The Vincenzo Capirola Lutebook can be found in many places online, including IMSLP and multiple lute sites, but the advantage of viewing it through the digitized collection of the Newberry Library in Chicago is that it is in color! The beautiful illustrations and ornament symbols become much clearer when viewed this way. The first thing you notice when you look at the manuscript is the fact that it opens with a rather lengthy introduction in 16th-century Italian. This introduction contains a tremendous amount of useful information about how the composer wishes the music to be performed. Sadly, a translation of this introduction is a bit harder to find than you might expect. After a few frustrating days of looking in the music library for a translation, I decided to hit some online lute forums, and within minutes, I had found several well-respected translations of the introduction. People were incredibly helpful, allowing me to start digesting the information in the introduction. 


Contained within a few pages of 16th-century Italian were instructions on how to hold and play the lute, how the strings should be set, and how to interpret the ornamentation and hold signs in the manuscript. While some elements are quite basic, others are fascinating and quite unique. For example, Capirola preferred that his lute frets be high enough to cause a gentle buzzing sound whenever a note is played  (akin to the bray harp). Mind-blowing! At the time, I didn’t have the money or wherewithal to restring and refret my instrument to create this effect, but just knowing that Vincenzo Capirola preferred this sound completely changed my perception of tone in the 16th century. At this point I hadn’t even looked at the music, but I had already learned a plethora of useful information. Once I examined the music, I started to notice spots that differed from modern editions of the pieces. The editions had placed notes in different positions, re-fingered techniques like “course splitting” which could be found in several pieces, and ornaments and subtle hold signs had either been ignored or were left unnoticed. In many places, the source material provided a tremendous amount of information that was pertinent to phrasing and articulation. It was the same music that was contained in the modern editions, but now I had options, and that feeling is particularly empowering when dealing with 400-year-old music!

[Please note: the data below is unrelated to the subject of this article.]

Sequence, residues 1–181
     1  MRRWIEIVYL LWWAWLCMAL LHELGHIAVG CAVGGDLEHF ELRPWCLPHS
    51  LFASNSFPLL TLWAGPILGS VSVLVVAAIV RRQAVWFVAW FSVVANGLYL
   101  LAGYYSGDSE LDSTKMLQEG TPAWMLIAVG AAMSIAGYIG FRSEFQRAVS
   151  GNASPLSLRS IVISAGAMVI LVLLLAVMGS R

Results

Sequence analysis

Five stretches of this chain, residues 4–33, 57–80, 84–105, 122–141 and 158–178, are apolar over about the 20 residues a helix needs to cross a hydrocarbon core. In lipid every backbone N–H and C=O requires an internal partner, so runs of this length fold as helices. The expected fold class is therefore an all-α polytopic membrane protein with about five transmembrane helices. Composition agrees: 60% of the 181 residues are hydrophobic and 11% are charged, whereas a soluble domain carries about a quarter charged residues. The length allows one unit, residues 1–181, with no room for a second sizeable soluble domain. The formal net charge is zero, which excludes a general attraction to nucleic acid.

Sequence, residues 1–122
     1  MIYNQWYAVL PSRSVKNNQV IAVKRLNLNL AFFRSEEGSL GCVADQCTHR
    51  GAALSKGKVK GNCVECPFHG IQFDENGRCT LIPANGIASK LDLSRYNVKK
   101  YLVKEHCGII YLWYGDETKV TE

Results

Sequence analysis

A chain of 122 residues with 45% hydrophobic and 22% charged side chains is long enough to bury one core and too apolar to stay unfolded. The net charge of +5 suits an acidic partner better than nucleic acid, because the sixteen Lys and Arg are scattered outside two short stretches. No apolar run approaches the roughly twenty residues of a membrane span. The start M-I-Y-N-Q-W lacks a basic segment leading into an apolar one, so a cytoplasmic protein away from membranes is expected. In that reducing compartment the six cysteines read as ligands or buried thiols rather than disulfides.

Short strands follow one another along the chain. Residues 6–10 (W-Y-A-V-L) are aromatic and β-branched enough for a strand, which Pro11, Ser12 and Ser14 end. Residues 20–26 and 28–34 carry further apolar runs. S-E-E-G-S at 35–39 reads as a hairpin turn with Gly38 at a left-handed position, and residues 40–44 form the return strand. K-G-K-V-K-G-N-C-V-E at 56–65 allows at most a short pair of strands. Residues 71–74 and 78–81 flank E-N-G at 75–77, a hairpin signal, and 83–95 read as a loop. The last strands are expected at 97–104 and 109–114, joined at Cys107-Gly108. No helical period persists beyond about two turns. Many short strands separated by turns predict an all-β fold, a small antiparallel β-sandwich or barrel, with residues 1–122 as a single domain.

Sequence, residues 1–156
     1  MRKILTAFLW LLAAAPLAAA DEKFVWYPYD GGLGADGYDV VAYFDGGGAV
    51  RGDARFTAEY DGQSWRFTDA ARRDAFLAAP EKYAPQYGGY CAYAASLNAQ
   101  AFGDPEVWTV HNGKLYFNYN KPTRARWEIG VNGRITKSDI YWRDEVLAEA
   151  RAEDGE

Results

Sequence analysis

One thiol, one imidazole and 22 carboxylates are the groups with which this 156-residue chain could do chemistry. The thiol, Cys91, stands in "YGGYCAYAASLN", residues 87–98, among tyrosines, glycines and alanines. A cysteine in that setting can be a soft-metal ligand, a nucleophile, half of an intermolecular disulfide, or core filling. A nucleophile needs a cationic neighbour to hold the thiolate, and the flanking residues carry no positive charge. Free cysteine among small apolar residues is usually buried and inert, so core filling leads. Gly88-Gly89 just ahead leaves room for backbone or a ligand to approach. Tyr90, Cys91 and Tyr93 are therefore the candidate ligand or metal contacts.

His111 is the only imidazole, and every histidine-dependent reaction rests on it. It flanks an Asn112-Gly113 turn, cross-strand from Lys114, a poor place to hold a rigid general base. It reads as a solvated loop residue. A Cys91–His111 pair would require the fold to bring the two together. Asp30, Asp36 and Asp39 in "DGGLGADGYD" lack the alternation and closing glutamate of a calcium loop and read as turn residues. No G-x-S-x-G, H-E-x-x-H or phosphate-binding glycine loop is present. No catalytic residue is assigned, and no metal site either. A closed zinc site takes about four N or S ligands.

Ultimately, there were places where I did agree with the modern editors but there were also places where I preferred the original. Beyond that, the experience  even opened my mind to making some of my own choices, particularly when it came to note positions on the fretboard. The end result was that I created performance editions of the pieces that served me well for many years. Now, having gone on to read hundreds of sources, I have no doubt that I would make different choices than I did 12 or 13 years ago. In fact, if I do play them again, I will certainly do that!


Each source that you read contributes to your confidence as an early music specialist and it gets easier and easier as you spend more time with them. My recommendation is to find a single source that is connected to music you intend to learn and perform. Don’t worry about finding 50 sources, just choose one. Go through that source cover to cover and when you finish, read it again for good measure. As with learning music, approaching sources is best done with an emphasis on quality over quantity. When you really soak it in, then you feel like you own it!